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Ann Neurol. 1990 Apr;27(4):428-37.

The prevalence of dementia and Alzheimer's disease in Shanghai, China: impact of age, gender, and education.

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1
Shanghai Institute of Mental Health, China.

Abstract

We report the prevalence rates for dementia and Alzheimer's disease (AD) obtained from a probability sample survey of 5,055 noninstitutionalized older persons in Shanghai, China. A two-stage procedure was used for case finding and case identification. A Chinese version of the Mini-Mental State Examination was used to determine cases of possible dementia. Three different cutoff points on this mental status test were used depending on the respondent's level of education. Clinical evaluations, based on functional assessments and psychiatric interview, medical and neurological examinations, three standardized mental status tests, and a selected group of psychometric tests, were made in the second stage of the study to ascertain the clinical diagnosis of dementia and AD utilizing the Diagnostic and Statistical Manual for Mental Disorders, edition 3 and National Institute of Neurological and Communicative Disorders and Stroke-Alzheimer's Disease and Related Disorders Association criteria, respectively. The prevalence rate of dementia in persons 65 years and older was 4.6%. Clinically diagnosed AD accounted for 65% of the subjects with dementia. These findings indicate that the prevalence of dementia in Shanghai is very much higher than figures published earlier for China and Japan, and at the lower part of the range of values reported for community residents in the United States and other Western countries, but less than half of that reported in the recently published survey of the elderly in East Boston. Increasing age, gender (female), and low education are each highly significant and independent risk factors for dementia. One hypothesis to explain the increased prevalence in elderly women who had received no formal education invokes the possibility of an effect of early deprivation, perhaps lowering brain "reserve," allowing the symptoms of dementia to appear at an earlier date during disease progression.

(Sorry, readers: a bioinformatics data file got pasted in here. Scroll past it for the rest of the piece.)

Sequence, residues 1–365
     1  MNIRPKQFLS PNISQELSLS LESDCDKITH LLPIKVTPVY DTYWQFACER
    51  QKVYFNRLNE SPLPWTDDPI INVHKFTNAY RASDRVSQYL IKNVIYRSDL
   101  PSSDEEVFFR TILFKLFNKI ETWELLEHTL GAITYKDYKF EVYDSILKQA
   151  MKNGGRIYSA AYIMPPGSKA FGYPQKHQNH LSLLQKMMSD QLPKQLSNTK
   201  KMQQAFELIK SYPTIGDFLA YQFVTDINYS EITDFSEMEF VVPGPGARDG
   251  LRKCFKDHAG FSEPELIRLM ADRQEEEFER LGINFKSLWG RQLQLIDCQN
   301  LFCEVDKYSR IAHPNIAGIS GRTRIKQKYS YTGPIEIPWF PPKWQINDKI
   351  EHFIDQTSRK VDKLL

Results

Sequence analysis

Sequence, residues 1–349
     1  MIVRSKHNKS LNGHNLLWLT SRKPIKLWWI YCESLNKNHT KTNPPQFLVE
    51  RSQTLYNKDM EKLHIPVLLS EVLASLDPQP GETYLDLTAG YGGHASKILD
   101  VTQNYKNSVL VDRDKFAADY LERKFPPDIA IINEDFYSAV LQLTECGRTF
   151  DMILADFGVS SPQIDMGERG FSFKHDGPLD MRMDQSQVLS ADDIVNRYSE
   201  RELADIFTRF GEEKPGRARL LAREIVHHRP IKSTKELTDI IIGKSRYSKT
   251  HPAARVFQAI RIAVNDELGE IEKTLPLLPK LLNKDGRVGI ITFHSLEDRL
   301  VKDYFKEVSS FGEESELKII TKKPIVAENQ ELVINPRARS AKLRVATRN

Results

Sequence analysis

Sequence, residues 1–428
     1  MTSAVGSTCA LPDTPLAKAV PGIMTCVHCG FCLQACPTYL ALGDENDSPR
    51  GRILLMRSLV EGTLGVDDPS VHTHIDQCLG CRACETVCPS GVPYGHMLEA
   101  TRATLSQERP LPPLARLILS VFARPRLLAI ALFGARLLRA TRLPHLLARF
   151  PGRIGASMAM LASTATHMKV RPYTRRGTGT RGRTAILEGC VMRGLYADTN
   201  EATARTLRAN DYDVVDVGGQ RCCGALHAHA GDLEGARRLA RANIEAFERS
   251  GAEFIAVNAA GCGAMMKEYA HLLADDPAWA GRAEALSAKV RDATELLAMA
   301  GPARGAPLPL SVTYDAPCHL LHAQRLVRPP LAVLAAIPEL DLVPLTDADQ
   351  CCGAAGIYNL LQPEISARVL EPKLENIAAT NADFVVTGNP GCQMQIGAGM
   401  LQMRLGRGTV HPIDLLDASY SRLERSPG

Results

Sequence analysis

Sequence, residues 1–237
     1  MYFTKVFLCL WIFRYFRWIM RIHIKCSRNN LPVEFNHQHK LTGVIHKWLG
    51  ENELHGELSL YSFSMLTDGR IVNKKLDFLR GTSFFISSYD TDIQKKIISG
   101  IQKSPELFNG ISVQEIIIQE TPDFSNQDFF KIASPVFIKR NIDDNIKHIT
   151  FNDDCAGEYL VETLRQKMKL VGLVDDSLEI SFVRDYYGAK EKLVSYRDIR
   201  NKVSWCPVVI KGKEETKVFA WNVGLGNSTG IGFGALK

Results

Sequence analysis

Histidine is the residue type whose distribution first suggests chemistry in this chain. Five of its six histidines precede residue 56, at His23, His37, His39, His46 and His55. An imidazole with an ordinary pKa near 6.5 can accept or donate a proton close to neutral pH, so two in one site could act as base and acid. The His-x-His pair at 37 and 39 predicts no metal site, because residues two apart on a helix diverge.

PMID:
2353798
DOI:
10.1002/ana.410270412
[Indexed for MEDLINE]

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